Growing Winter Tomatoes
To successfully produce tomatoes through the winter or at least get them established for an earlier crop in spring.
- Varieties intended for colder climates (see below).
- Creating a warmer micro-climate with grow tunnels, under glass and cold frames or fresh manure (see below).
- Find out when is the latest and earliest I can plant. Try various tomato breeds, each planted monthly.
- Indeterminate varieties that are known to yield over a longer period.
Cold climate tomato varieties
Short season, cold tolerant varieties such as Stupice, Siberia or Siberian are tomatoes usually grown in the short spring/summer of the northern hemisphere and may produce OK in a warm/temperate Winter but should be planted out as early as possible (seedlings in march) from seeds sown in Jan.
Quick croppers like the Siberians should be ready to harvest in late November if seedlings are planted out in early August although they may need to be germinated inside, possibly with added warmth.
Purple Russian wilts in hot sun. It is possibly a candidate.
Creating a micro-climate
Tomato seeds germinate best at 20C . Tomato plants grow best at no less than 20C. Using the methods below you can plant seeds in Winter for planting out early spring and you should have tomatoes by late spring.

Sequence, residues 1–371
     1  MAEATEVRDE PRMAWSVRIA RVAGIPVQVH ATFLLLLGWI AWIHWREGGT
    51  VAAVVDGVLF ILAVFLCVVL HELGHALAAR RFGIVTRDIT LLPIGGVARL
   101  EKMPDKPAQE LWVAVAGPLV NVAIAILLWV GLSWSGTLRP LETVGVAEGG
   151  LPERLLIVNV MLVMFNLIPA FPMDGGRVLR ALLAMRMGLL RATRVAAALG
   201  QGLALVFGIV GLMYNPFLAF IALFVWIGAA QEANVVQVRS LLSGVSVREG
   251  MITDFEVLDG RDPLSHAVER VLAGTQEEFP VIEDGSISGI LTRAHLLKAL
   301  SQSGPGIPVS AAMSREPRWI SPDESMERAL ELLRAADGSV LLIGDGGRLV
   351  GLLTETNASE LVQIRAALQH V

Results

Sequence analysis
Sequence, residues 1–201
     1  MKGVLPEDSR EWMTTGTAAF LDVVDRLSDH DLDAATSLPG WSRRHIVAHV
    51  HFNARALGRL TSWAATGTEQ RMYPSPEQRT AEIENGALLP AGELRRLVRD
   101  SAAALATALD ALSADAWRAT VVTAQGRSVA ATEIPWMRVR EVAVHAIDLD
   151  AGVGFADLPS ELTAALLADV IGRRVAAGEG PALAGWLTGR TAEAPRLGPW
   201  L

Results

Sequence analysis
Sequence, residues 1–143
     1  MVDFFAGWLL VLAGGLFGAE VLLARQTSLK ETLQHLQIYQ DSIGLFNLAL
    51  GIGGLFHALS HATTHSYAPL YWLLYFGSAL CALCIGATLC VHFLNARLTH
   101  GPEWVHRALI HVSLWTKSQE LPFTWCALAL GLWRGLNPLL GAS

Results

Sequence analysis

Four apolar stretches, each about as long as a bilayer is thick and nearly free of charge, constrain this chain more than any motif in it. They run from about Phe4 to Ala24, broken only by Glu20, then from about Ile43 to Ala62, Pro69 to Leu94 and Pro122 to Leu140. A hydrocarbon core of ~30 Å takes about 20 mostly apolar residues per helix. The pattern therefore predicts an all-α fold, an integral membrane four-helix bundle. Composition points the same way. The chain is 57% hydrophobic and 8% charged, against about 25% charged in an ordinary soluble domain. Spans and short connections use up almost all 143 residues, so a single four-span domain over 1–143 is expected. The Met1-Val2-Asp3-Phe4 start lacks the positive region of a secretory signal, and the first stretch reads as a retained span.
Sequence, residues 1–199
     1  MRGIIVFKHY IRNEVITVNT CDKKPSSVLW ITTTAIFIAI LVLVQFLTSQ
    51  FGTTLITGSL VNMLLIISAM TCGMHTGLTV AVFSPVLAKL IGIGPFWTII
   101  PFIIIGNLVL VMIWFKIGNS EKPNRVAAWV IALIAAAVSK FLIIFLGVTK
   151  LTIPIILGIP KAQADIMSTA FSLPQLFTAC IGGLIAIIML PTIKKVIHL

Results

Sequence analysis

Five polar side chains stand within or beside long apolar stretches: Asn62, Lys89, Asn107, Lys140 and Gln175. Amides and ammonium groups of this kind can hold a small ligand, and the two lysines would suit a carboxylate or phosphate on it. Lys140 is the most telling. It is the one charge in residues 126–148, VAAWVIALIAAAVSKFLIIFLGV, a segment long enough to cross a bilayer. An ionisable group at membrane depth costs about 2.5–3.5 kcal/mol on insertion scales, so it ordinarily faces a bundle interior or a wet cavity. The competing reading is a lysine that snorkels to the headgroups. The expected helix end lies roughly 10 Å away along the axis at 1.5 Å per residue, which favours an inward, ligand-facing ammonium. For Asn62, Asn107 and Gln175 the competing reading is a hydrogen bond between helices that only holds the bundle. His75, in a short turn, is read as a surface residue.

Raising winter seedlings with composting heat
You will need:
- Styrofoam box (retains heat). Scrubbed clean and sterilised. Drainage holes poked in the bottom.
- Glass pane to fit top of box to let heat and light in and to be removed if temperature inside exceeds 30 degrees.
- Grass clippings or fresh manure (generates heat whilst decomposing)
- Compost with a little slow release fertiliser and lime mixed in or cow manure.
In late winter, place 1-2cm of fresh grass in the styrofoam box. Cover with 5-10cm layer of compost mix. Plant seeds into the damp compost. Cover with glass pane.
Direct sowing above fresh manure
Lay 20-30cm of fresh manure in trenches. Sow seeds into topsoil placed on top. Heat will radiate upwards warming the soil. Mulch on top will help retain heat generated.
More info, see the book ‘Tomatoes for Everyone, A practical guide to growing tomatoes all year’ by Allen Gilbert.
Experiment 1: 28/4/15
Desired outcome: If I can grow a healthy plant, it should start fruiting in August (a few months before other tomatoes).
Planted: Siberian seed
Position 1: Indoors on window sill in pot of coir. 28/4/15. Germinated 3/5/15. Placing outside on warm, sunny days. Used old soil raising mix and it did not do well. Have dumped it.
Position 2: Outdoor in garden (veg bed 6 and front bed 5). Took 1 week longer to germinate than those on window sill. Looks healthy, but slow growing.
Climate: Still relatively warm at time of sowing with max day temperatures predicted to be Max 20C. However, periods of severe rain and wind and minimum sunny days may affect growth after germination.